In B.T., Plaintiff B.T. was a severely autistic twenty-year-old. B.T. I, 637 F. Supp. 2d at 859. He argued that extending a FAPE to the age of twenty-two was consistent with Hawaii law and that the DOE's policy of terminating special education services at the age of twenty was invalid given the practice of the state of Hawaii. See id. at 862--65. The Court agreed. Specifically, the Court focused on the "nature of the practice of Hawaii's schools toward students 20 years or older" and found that "Defendant has approved every single overage general education student and barred almost every single overage special education student." Id. at 865. Accordingly, "Hawaii [had denied] these students a meaningful education" and violated the IDEA and Rehab Act. Id. at 865--66. Hawaii therefore was "enjoined from implementing a per se rule denying special education services based solely on [the students] attaining the age of 20." Id. at 866. The Court subsequently granted summary judgment, in part, for Plaintiff B.T. B.T. II, 2009 WL 4884447, at *9. The state of Hawaii did not appeal this Court's ruling.
Since then, however, Hawaii has passed Act 163 which amended Haw. Rev. Stat § 302A-1134(c) to impose a twenty year age limit on all admissions to public high school. See Haw. Rev. Stat. § 302A-1134(c). Specifically, the statute states:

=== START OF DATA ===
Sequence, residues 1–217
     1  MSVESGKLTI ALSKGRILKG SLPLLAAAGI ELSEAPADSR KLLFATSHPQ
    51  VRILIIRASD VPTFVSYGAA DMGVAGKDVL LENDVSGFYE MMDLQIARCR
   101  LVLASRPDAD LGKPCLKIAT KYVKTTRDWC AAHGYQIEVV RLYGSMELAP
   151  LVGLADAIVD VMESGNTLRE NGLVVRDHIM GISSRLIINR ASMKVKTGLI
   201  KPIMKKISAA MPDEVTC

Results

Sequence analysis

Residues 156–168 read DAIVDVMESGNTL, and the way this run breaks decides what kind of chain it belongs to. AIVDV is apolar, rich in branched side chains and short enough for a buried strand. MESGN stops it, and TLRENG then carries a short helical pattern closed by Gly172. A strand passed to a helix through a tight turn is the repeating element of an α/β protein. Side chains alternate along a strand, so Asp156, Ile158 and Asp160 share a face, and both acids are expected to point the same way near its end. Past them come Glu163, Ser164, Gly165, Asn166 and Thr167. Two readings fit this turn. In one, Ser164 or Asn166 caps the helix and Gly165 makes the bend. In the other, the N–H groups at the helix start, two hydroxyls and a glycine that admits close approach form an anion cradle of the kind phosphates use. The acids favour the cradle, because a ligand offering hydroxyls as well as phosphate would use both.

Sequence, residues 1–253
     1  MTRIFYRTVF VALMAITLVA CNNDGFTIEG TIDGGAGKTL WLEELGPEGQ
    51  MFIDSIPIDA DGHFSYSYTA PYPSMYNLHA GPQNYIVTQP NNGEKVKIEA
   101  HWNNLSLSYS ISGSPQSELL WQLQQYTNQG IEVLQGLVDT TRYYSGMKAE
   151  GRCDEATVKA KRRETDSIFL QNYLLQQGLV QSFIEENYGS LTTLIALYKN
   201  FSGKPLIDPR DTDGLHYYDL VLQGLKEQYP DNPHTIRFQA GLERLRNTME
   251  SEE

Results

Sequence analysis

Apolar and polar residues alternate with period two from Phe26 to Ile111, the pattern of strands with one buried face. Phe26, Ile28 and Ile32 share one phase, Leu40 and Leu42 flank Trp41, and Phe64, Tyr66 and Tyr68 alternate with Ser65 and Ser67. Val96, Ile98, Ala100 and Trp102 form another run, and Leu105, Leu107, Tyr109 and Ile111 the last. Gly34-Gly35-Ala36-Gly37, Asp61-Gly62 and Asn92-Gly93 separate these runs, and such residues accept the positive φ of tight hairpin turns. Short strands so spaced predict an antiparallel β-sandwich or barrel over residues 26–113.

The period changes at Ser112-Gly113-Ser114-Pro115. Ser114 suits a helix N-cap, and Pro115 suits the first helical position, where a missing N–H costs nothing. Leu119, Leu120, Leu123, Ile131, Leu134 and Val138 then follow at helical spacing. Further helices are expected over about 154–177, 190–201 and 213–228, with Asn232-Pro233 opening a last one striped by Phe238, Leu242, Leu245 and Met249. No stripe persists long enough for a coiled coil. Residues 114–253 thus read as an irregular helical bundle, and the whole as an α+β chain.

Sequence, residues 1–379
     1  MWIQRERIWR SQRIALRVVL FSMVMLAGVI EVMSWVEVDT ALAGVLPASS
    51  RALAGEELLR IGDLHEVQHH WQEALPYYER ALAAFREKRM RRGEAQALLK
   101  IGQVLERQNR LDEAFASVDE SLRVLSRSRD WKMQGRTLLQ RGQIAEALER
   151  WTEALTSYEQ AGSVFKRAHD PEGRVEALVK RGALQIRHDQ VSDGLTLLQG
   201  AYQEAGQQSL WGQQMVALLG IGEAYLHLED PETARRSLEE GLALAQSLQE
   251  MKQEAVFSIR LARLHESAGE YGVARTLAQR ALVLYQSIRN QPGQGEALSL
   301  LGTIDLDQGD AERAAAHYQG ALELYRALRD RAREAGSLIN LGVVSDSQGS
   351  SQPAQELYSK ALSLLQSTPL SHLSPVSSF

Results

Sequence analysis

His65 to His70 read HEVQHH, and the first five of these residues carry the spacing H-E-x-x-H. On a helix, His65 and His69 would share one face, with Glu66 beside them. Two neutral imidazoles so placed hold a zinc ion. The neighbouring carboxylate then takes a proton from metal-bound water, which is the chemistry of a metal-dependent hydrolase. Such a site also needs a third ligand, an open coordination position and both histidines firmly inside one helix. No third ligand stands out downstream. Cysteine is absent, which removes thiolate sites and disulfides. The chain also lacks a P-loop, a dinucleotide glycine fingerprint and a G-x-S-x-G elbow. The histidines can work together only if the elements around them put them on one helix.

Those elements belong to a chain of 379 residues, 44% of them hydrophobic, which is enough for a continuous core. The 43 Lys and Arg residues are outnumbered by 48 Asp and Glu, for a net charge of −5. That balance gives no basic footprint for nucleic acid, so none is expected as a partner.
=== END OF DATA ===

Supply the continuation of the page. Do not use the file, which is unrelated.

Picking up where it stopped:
No person who is twenty years of age or over on the first instructional day of the school year shall be eligible to attend a public school. If a person reaches twenty years of age after the first instructional day of the school year, the person shall be eligible to attend public school for the full school year.
Id. Plaintiffs assert that while Act 163 imposes an age limit of twenty for attendance at a public school, the DOE continues to provide a public education to students over the age of twenty through the CB (competency-based) and GED (General Education Development) high school equivalency programs (collectively "adult education programs"). A special education student, according to Plaintiffs, cannot therefore be denied a FAPE on the grounds that he or she has "aged-out" of IDEA eligibility per Act 163 because general education students may continue their studies in these adult education programs.
On July 17, 2010, Plaintiffs filed their Class Action Complaint
for Declaratory and Injunctive Relief. ("Compl.," Doc. # 1.) On September
24, 2010, Plaintiffs filed a Motion to Certify Class. (Doc. # 15.) On
March 15, 2011, the Court issued an Order Granting in Part and Denying
in Part Plaintiffs' Motion for Class Certification.*fn1
(Doc. # 31.) On June 23, 2011, the Plaintiffs filed a Motion
for Preliminary Injunction. (Doc. # 44.) On July 12, 2011, the Court
denied Plaintiffs' Motion for a Preliminary Injunction without prejudice
("July Order"). ("July Order," Doc. # 53.) In its July Order the Court
held that in order to prevail:
Plaintiffs must demonstrate that the DOE uses Act 163 as a means of denying special education students a FAPE beyond the age of twenty while simultaneously ushering general education students of the same age into adult education programs to complete their secondary education. (Id. at 7.) The Court went on to deny the Motion for Preliminary Injunction finding that